As the ball moves downhill, its options are progressively narrowed, and by the time it reaches the valley, it becomes a differentiated cell. It has become increasingly apparent that epigenetic modifications can explain the ability of totipotent cells to generate the over 220 cell types of an adult organism that, with small exceptions, share the same DNA, but nevertheless exhibit significantly different gene expression patterns and perform widely distinct functions. Thus, development provides an ideal system to visualize gene expression changes that are epigenetically shaped.
Over the years, the definition of epigenetics as a field has shifted and, most recently, the term has been used to describe potentially heritable gene expression changes that occur without alterations in the DNA nucleotide sequence.
The groundbreaking discovery that overexpressing four embryonic transcription factors is sufficient to reprogram terminally differentiated fibroblasts into induced pluripotent stem (iPS) cells, which resemble embryonic stem cells, demonstrated the possibility to reverse cellular differentiation, a process known as reprogramming. This was first reported in 2006 for mouse fibroblasts and in 2007 for human fibroblasts, and subsequently for additional cell types.
The iPS cells exhibit the ability to differentiate into many cell types and the capacity for infinite self-renewal. In addition to unveiling details about the molecular basis of differentiation and about mechanisms that allow cells to maintain their identity, this finding opened novel therapeutic opportunities, including the possibility to generate patient-specific embryonic stem cells for use in regenerative medicine and to treat various conditions.
The ability of physical, chemical, biological, and socio-emotional factors to change gene expression by epigenetic modifications has opened a fascinating chapter in biology. Ultraviolet B exposure, previously known to induce mutations, was shown to cause DNA hypermethylation and to transcriptionally downregulate tumor-suppressor genes.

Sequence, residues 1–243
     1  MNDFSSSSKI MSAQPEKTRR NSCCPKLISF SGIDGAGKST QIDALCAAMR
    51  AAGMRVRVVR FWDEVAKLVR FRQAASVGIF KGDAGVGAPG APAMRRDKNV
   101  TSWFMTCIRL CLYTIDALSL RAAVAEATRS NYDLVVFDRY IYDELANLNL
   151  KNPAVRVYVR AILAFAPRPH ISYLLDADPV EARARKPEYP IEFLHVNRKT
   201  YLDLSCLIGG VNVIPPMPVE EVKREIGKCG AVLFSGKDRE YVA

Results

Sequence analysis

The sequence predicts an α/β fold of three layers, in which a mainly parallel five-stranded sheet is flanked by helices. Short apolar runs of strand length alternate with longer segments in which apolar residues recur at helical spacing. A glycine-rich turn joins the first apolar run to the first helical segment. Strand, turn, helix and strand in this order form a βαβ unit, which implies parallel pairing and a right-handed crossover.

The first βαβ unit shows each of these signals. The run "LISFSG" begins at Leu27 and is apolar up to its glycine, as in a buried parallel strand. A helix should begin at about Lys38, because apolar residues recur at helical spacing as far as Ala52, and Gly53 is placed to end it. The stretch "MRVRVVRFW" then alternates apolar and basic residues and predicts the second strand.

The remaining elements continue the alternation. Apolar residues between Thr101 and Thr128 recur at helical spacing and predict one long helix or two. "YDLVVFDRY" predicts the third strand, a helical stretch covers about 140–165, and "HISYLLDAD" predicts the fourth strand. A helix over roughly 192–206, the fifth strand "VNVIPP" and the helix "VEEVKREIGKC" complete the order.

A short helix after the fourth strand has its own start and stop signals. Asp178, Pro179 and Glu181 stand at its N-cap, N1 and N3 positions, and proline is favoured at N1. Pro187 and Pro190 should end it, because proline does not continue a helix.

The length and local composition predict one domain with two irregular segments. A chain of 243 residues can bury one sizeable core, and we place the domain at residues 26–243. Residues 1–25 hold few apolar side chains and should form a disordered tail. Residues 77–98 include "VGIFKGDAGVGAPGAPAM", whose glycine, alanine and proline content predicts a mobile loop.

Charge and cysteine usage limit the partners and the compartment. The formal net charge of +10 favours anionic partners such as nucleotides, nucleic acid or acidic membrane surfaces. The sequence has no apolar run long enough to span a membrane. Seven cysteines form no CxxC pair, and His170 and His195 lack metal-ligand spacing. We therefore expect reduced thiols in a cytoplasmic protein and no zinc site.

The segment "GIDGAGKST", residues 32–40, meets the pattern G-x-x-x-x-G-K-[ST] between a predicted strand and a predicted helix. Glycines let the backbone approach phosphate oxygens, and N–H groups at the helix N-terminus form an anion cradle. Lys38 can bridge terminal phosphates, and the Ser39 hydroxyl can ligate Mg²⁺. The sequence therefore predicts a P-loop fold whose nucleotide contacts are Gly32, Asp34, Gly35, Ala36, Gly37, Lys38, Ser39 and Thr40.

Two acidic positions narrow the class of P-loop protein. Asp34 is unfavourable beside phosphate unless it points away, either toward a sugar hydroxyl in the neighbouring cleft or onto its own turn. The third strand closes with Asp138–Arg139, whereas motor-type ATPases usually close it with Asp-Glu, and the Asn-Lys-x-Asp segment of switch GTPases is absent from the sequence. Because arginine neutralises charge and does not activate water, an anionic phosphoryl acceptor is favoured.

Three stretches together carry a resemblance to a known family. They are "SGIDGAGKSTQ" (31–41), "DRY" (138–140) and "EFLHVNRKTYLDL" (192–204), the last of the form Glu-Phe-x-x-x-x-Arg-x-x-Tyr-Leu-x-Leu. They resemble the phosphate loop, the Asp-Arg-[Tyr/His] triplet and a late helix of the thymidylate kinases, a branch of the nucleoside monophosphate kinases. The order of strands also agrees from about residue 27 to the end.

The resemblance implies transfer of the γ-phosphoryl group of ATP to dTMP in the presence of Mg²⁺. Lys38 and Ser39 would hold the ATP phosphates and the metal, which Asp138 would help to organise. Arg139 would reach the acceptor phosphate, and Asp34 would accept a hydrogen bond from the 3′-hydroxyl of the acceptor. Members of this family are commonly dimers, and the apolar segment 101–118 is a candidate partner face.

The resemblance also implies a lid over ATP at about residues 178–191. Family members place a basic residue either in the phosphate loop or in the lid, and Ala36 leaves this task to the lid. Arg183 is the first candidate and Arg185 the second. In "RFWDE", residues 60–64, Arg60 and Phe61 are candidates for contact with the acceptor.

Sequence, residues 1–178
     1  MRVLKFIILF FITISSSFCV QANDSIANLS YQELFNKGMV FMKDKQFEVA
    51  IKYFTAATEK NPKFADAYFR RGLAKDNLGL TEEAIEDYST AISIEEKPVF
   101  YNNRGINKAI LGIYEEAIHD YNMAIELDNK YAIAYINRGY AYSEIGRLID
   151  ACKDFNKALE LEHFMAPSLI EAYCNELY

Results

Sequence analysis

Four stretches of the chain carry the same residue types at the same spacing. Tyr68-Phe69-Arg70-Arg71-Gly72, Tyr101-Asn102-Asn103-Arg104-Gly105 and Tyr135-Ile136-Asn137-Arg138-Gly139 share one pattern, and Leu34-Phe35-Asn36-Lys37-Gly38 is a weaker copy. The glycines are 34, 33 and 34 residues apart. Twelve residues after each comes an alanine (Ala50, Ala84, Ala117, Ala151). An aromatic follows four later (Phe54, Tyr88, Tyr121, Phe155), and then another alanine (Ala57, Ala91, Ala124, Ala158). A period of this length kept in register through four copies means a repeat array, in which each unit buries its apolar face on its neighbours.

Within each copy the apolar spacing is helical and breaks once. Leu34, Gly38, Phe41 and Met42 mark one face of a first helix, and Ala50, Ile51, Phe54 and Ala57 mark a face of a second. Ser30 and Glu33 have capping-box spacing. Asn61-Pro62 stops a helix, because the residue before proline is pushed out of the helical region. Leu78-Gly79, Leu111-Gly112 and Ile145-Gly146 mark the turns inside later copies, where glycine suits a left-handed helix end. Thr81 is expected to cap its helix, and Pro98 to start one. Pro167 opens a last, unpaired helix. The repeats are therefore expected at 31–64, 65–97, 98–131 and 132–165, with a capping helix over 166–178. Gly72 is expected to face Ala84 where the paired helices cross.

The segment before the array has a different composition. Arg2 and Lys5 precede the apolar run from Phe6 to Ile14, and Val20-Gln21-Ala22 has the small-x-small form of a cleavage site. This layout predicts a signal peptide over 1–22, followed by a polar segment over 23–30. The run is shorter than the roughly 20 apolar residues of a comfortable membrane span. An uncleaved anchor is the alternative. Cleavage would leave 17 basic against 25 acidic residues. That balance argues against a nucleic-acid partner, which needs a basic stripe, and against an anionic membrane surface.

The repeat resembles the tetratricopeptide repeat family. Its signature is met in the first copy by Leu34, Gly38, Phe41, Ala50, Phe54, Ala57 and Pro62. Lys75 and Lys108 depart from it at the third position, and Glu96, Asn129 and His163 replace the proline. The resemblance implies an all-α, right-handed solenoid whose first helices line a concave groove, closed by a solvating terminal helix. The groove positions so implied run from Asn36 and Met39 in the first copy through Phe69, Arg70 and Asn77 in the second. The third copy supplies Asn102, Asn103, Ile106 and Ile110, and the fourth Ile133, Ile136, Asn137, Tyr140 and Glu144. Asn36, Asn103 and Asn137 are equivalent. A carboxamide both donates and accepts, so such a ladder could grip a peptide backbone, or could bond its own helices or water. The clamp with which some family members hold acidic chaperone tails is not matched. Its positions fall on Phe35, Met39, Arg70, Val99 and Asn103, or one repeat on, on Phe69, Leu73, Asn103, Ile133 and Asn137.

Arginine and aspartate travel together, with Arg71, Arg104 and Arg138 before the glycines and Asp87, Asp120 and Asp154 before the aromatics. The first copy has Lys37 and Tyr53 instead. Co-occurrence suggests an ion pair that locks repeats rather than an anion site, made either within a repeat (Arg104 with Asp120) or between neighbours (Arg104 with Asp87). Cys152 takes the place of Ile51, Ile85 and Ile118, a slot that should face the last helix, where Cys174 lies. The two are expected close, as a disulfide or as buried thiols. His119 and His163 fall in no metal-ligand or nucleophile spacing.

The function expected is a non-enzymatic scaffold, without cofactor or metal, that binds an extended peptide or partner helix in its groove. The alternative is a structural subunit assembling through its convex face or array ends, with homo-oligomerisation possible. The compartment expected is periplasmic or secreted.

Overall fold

In many instances, these links provide the mechanistic basis for epidemiological observations made decades ago. For example, divalent nickel compounds have long been implicated in carcinogenesis based on animal and human epidemiological studies, even though they do not appear to be strong mutagens in vitro, suggesting that carcinogenesis may also occur by nongenotoxic pathways.
Divalent nickel salts were shown to cause epigenetic changes that include aberrant DNA methylation and post-translational histone modifications, causing changes in chromosomal condensation and gene silencing. These findings also illustrate that, for a long time, we erroneously visualized carcinogens as being mutagens, and neglected to consider the possibility that gene expression changes may occur by mechanisms that do not involve mutagenesis.
This fallacious strategy, similar to searching for the lost keys only under the lamp, because that is where the light reaches, was relevantly called, by Trosko and Upham, the “lamp post effect.”
In 2012, it was reported that slightly over 20% of all human cancers are causally linked to infectious diseases, and epigenetics played a pivotal role in rekindling and providing a mechanistic understanding of this link, which was first reported over a century ago but subsequently fell into oblivion for decades. These advances helped characterize the “epigenetic field for cancerization” or “epigenetic field defect,” a region with aberrant CpG methylation that has a higher likelihood of undergoing malignant transformation.
An epigenetic field for cancerization was visualized after exposure to various carcinogens, and was reported for multiple malignant tumors, including stomach, breast, liver, and colon cancer.